SummerSlam 2002

Chris Jericho vs. Ric Flair
This match sounds better on paper than it likely will be. Flair was involved in a lot of supposed “dream matches” in his second WWE run, though very few of them ever lived up to expectations. Mind you, nearly all of them were vast improvements on the majority of his WCW matches post-1998. Flair comes out to his WWE rip-off theme, which I actually prefer to ‘Also Sprach Zarasthura’, which is sacrilege, I know. He is donning plain black tights tonight rather than something colourful, which is less satisfying. Flair in red or baby blue is his best look. Jim Ross thinks this is Flair’s first ever appearance at SummerSlam, which is not true. It’s his first match, but he was heavily involved at SummerSlam ’92 in the Ultimate Warrior vs. Randy Savage match. Jericho skins the cat early on, but Flair has seen that one dozens of times from Ricky Steamboat and he knows how to respond: with a mighty chop. Y2J has a great time chopping Flair back, and I am sure he is as disappointed as I am when Flair botches his upside down bump in the corner. Jericho takes control with an axehandle from the top to the outside, prompting Flair to scream, “Oh god!” into the camera. Flair’s verbalisation of his selling is amongst the best around.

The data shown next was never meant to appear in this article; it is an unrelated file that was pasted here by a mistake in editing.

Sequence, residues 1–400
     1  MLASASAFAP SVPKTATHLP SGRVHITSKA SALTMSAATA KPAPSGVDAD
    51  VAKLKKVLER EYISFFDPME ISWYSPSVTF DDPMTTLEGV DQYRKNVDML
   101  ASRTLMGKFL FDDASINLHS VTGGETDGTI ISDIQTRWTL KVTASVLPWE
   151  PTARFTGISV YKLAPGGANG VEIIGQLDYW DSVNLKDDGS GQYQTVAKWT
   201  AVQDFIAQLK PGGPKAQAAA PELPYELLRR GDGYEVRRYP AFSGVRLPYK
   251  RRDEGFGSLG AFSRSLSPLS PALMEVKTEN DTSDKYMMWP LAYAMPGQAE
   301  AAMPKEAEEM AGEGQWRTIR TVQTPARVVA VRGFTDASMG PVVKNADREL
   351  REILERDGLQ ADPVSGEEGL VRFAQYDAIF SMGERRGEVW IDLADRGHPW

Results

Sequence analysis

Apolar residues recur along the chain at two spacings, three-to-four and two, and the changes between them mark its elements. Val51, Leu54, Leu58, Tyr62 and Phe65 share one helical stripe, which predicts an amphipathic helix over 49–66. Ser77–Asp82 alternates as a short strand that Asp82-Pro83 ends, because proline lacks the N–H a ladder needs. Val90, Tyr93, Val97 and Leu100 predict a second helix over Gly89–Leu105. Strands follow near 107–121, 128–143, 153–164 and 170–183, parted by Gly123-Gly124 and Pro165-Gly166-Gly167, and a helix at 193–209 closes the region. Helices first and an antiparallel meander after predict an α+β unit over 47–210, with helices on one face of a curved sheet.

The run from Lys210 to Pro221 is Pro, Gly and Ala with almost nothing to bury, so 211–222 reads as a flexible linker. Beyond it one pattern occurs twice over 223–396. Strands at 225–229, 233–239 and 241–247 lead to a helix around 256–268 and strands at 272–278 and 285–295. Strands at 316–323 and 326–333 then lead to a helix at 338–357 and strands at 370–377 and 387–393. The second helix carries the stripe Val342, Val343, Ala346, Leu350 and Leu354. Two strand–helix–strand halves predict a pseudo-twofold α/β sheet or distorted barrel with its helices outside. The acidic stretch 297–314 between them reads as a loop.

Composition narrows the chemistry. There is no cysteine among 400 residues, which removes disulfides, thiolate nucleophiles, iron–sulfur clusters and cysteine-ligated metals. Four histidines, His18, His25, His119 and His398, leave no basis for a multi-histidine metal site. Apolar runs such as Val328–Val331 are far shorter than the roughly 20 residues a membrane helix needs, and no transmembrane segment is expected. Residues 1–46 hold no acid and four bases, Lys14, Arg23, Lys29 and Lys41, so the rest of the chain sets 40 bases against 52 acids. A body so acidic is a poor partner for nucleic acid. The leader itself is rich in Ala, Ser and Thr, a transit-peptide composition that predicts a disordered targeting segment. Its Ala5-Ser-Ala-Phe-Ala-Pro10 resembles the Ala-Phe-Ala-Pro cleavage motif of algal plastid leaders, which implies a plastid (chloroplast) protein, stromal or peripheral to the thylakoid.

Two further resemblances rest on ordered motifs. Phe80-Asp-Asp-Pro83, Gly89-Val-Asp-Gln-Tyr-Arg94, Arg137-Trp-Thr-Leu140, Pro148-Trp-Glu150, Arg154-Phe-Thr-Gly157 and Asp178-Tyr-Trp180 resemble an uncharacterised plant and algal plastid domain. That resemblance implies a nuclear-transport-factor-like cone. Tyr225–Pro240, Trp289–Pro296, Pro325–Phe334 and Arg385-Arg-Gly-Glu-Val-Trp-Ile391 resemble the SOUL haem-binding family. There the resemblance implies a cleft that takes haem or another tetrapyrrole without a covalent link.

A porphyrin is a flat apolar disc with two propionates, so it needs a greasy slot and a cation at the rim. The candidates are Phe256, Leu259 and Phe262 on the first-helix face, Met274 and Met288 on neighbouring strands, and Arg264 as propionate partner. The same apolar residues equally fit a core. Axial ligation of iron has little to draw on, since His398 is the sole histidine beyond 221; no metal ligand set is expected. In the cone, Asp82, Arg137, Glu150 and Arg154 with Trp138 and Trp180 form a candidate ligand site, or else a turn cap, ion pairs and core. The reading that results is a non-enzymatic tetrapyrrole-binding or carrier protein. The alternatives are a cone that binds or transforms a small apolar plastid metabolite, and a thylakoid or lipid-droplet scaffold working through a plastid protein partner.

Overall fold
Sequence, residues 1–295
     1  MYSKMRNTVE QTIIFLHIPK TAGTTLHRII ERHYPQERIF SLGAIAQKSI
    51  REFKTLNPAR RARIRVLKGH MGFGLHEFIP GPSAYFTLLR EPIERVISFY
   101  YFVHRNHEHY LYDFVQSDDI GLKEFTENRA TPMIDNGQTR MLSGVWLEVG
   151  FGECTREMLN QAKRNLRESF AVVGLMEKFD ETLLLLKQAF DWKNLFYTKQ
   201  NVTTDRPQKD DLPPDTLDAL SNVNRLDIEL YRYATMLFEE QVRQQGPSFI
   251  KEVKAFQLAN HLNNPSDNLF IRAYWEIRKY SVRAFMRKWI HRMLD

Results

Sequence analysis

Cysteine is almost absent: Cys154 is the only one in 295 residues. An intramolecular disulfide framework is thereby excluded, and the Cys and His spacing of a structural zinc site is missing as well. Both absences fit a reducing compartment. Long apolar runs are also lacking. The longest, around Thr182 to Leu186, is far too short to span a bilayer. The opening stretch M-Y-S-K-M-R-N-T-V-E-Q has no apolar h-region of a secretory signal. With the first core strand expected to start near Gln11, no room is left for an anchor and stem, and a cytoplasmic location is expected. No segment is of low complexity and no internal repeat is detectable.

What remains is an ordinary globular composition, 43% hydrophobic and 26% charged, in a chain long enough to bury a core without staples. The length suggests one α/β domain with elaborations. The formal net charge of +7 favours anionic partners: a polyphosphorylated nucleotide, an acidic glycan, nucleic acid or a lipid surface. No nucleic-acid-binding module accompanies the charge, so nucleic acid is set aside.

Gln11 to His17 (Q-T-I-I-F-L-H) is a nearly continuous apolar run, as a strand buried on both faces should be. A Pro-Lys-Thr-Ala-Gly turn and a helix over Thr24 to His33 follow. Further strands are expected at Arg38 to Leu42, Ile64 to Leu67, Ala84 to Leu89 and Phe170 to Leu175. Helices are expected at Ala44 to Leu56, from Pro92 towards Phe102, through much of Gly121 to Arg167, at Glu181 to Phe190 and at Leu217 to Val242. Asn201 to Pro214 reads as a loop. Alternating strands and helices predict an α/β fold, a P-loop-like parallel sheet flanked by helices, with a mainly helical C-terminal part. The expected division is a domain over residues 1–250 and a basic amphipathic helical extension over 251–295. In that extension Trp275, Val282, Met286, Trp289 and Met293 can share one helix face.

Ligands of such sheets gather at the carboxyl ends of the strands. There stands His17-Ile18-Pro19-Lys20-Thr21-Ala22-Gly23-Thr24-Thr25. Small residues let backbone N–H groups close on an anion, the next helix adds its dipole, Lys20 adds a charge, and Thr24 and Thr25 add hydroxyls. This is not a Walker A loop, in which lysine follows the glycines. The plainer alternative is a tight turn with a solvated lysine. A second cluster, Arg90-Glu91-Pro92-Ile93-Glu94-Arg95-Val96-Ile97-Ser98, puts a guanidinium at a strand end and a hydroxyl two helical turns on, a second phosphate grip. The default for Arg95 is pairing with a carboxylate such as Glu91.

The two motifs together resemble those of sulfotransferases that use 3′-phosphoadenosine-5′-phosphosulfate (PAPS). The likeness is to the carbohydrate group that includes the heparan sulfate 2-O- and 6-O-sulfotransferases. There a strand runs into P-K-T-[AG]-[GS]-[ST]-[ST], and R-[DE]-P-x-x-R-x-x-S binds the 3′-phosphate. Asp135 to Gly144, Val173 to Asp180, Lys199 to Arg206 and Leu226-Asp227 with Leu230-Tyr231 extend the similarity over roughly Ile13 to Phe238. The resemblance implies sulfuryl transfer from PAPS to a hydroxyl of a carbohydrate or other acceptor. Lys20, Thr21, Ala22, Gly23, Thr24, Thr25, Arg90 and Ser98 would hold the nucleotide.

He rallies with hard chops, but runs into an elbow and a missile dropkick. Jericho is quick, that is his answer to Flair’s veteran wiles. Jericho even takes a page out of Flair’s “dirtiest player in the game” book, distracting the ref by untying a turnbuckle pad so he can choke Flair out with his wrist tape. Flair comes back by giving Jericho a bump he is very familiar with, a slam from the top. It’s almost like watching Flair work against a tribute act to him. Flair’s other offence mostly consists of chops, which he gleefully pelts Jericho with. They go back-and-forth for a moment, then Flair tries to do the Walls of Jericho, but he can’t manage it and goes to a half crab instead. Jericho reverses into the figure four, and that is pretty much all of Flair’s move set utilised between them now. Flair reaches the ropes, then immediately taps, which makes no sense. If you are in the ropes, why do you need to tap? It doesn’t count anyway because Flair reached the ropes first, and Flair follows by putting on the hold and tapping Jericho almost immediately. I enjoyed this. The little kid in me who loves Ric Flair got a kick out of seeing him run through his routine, and he did it with enough competency and vigour to make it entertaining.
Final Rating: **½

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